Hip External Rotator Mobilisation

In the first part of our HIRD action plan we looked at exercises to strengthen the internal rotator (IR) muscles. Most people will experience some good initial improvements in range of motion (ROM) following these strengthening exercises, however we now need to build on this with some mobilisation. Some will respond better to strengthening, some to mobilisation, but both are crucial to addressing HIRD.

External Rotator Mobilisation

This isn’t an exhaustive list by any means but it does cover most bases. Because IR moments change with hip position I’ve included stretches at 90o, 45o and 0o of hip flexion.

Supine 90/90 Hold

Lie flat on your back and flex the hip and knee of the leg to be stretched to 90o. Grasp the knee the outside of the knee and pull towards sideways toward the opposite hip. Pulling the knee slightly towards your chest may intensify the stretch.

Supine Knee to Knee Stretch

Lie flat on your back and flex your knees to 90o. Shuffle your feet out so that they are just over shoulder width apart. Keep the feet flat on the floor and try to bring the knees together. The aim is to get into a position with the knees about an inch or so away from one another so you’ll need to adjust your feet accordingly.

Standing Twist Stretch

With your feet hip width apart, assume a slightly staggered stance. Ensuring that you rotate entirely from the hip, slowly twist towards the lead leg. Do not rotate from the lower back! I find that placing your hands on your hips and assuming the ‘double teapot’ helps make you aware of whether or not you are properly rotating at the hip. The ROM will seem relatively small if you are performing the stretch properly.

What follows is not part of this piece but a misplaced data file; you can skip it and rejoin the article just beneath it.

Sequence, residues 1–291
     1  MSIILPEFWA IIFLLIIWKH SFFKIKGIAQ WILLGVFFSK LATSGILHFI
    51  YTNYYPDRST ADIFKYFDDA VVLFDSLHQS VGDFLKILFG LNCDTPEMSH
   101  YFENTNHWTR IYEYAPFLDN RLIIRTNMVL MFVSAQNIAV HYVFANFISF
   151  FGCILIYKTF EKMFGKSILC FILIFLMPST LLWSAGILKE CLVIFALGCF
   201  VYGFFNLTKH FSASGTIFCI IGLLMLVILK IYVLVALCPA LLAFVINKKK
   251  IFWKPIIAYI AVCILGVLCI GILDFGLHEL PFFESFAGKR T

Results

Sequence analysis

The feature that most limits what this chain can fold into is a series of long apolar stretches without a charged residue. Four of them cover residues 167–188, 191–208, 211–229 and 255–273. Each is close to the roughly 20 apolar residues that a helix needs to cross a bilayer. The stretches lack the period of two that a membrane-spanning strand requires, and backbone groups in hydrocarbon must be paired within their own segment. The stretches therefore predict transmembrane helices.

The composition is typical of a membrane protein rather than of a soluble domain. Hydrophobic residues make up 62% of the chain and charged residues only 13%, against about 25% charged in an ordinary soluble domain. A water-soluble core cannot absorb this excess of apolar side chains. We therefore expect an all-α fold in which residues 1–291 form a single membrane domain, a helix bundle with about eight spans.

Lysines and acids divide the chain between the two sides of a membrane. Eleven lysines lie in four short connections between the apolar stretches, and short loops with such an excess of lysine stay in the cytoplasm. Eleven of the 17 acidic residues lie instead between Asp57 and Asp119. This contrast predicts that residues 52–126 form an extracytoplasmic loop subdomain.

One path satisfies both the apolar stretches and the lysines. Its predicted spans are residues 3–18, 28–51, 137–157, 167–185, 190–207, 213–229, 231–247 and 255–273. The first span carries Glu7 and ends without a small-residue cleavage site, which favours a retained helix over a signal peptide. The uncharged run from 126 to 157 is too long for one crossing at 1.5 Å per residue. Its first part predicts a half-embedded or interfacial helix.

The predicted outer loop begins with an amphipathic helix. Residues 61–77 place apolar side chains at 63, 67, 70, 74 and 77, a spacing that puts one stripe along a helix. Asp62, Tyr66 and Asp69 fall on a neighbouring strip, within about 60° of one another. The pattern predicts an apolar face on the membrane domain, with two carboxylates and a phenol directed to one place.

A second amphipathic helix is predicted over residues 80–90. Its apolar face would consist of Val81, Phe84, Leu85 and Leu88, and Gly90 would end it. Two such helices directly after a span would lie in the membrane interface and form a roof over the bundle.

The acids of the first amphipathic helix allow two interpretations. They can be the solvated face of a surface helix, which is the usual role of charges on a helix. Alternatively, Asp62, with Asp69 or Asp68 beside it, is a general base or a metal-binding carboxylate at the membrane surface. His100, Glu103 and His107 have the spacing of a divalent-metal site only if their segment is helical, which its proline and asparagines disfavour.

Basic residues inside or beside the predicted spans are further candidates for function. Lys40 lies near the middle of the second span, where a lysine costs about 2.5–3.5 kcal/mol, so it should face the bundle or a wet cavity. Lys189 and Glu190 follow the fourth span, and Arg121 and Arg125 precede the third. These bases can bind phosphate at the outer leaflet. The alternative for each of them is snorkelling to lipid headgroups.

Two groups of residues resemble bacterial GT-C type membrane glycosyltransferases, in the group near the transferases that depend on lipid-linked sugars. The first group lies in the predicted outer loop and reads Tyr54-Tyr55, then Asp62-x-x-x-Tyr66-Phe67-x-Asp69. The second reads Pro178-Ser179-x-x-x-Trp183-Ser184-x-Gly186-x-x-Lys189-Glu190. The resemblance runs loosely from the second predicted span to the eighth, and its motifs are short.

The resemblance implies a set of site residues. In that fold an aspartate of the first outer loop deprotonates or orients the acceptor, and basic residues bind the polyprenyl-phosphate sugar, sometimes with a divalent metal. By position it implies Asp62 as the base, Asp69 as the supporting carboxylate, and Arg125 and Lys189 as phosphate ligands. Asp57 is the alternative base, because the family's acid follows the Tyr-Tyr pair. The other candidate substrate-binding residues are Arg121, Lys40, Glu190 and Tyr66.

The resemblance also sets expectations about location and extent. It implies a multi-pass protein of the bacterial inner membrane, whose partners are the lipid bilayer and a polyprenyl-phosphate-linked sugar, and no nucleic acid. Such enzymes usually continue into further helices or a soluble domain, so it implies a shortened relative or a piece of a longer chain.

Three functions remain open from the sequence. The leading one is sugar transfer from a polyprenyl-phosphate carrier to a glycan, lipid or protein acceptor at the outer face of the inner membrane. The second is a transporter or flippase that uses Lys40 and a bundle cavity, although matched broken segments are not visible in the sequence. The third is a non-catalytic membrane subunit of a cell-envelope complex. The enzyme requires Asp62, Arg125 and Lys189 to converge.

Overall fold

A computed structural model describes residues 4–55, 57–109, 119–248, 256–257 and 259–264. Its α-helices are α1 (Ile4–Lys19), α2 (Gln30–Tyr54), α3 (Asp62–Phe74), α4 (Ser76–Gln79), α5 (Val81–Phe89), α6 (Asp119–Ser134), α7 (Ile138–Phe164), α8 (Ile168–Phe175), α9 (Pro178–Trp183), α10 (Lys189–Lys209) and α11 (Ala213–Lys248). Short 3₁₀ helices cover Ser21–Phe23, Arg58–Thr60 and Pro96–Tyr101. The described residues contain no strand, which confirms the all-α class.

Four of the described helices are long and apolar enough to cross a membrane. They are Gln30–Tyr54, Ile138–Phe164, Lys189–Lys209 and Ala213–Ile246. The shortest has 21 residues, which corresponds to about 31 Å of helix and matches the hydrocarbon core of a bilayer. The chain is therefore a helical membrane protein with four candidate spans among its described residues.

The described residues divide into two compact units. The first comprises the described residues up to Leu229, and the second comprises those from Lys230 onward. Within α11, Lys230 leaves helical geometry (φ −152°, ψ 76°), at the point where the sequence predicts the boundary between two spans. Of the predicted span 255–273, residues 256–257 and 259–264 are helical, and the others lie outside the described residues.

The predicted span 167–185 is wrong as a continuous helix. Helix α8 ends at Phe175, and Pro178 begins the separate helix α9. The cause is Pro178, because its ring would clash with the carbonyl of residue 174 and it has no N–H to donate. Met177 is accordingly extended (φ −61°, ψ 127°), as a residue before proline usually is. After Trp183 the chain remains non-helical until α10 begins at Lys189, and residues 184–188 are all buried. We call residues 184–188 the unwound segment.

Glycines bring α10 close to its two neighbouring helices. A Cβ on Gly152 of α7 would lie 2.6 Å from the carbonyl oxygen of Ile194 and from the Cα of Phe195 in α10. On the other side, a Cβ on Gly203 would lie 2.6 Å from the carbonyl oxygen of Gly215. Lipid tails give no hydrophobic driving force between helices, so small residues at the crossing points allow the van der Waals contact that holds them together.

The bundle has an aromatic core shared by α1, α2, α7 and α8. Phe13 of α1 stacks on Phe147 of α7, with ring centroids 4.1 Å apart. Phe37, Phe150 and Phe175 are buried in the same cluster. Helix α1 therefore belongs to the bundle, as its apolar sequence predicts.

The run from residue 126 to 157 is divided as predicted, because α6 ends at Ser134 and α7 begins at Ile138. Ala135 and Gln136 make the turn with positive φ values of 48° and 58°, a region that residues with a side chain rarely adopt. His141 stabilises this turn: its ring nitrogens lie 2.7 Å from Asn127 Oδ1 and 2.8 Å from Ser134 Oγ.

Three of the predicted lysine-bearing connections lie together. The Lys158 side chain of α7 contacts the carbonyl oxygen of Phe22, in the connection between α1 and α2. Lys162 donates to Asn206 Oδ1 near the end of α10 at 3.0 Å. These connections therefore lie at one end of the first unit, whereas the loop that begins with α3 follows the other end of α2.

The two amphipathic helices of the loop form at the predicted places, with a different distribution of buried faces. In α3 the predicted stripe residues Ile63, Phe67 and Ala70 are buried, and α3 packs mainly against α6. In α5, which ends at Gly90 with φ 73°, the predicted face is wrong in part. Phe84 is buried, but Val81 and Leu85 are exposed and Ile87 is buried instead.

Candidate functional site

Guidelines for Mobilisation

For those with HIRD a single set of 2 different stretches should suffice. Hold each stretch for at least 30 seconds. We’re aiming for quite a light stretch here – about a 6-7 out of 10 – don’t push too far as it’s actually counterproductive. These are usually performed after the strengthening exercises in the warm-up or recovery sessions but they’re also great to use throughout the day whenever you feel tight. More is generally better here.

Different stretches work for different people so a bit of experimenting is needed to find the best fit for you or your athlete. Remember that stretching should be a relatively organic process, play around with the positions to find what works best.

Mobilising the Hip Flexors is also Important!

It is important to once again highlight that IR moments are increased when the hip is in a flexed position. For individuals also with limitations in hip extension ROM and/or spend long periods seated, restoring hip extension should also should be an important priority.

What Next?